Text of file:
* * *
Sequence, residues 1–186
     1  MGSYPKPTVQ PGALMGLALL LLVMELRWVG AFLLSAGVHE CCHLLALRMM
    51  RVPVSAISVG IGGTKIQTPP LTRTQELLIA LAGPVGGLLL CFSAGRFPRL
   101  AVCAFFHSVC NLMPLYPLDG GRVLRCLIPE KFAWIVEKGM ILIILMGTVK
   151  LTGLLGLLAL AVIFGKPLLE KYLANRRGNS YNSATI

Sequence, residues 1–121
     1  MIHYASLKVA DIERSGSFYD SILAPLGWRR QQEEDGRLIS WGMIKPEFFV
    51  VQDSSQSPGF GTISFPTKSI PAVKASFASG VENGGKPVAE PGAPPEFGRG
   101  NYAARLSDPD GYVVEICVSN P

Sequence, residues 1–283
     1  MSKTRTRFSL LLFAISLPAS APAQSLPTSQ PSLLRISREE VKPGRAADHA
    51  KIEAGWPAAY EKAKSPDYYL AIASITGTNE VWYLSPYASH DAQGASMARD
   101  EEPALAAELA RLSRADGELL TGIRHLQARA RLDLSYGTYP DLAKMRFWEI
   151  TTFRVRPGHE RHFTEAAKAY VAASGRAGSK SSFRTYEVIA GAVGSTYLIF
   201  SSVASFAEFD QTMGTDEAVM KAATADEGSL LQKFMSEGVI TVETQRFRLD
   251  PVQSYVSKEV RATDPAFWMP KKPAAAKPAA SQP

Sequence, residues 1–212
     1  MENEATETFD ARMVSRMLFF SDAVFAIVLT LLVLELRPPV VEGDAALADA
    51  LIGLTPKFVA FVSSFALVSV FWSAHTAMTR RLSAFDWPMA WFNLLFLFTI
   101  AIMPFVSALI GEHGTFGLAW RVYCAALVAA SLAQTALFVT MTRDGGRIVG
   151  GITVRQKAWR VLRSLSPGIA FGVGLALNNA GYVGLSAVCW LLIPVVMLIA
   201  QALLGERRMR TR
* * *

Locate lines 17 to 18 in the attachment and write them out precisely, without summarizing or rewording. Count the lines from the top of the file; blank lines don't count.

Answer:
Sequence, residues 1–212
     1  MENEATETFD ARMVSRMLFF SDAVFAIVLT LLVLELRPPV VEGDAALADA